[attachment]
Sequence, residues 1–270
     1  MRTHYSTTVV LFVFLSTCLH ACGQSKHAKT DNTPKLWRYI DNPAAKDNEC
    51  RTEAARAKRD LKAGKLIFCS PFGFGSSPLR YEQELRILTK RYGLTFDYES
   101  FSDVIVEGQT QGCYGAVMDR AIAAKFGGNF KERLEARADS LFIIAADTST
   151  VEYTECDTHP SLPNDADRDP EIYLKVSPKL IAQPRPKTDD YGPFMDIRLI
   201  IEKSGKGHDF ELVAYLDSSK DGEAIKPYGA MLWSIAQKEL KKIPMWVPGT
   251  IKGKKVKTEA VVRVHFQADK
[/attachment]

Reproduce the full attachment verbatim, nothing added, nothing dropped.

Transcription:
Sequence, residues 1–270
     1  MRTHYSTTVV LFVFLSTCLH ACGQSKHAKT DNTPKLWRYI DNPAAKDNEC
    51  RTEAARAKRD LKAGKLIFCS PFGFGSSPLR YEQELRILTK RYGLTFDYES
   101  FSDVIVEGQT QGCYGAVMDR AIAAKFGGNF KERLEARADS LFIIAADTST
   151  VEYTECDTHP SLPNDADRDP EIYLKVSPKL IAQPRPKTDD YGPFMDIRLI
   201  IEKSGKGHDF ELVAYLDSSK DGEAIKPYGA MLWSIAQKEL KKIPMWVPGT
   251  IKGKKVKTEA VVRVHFQADK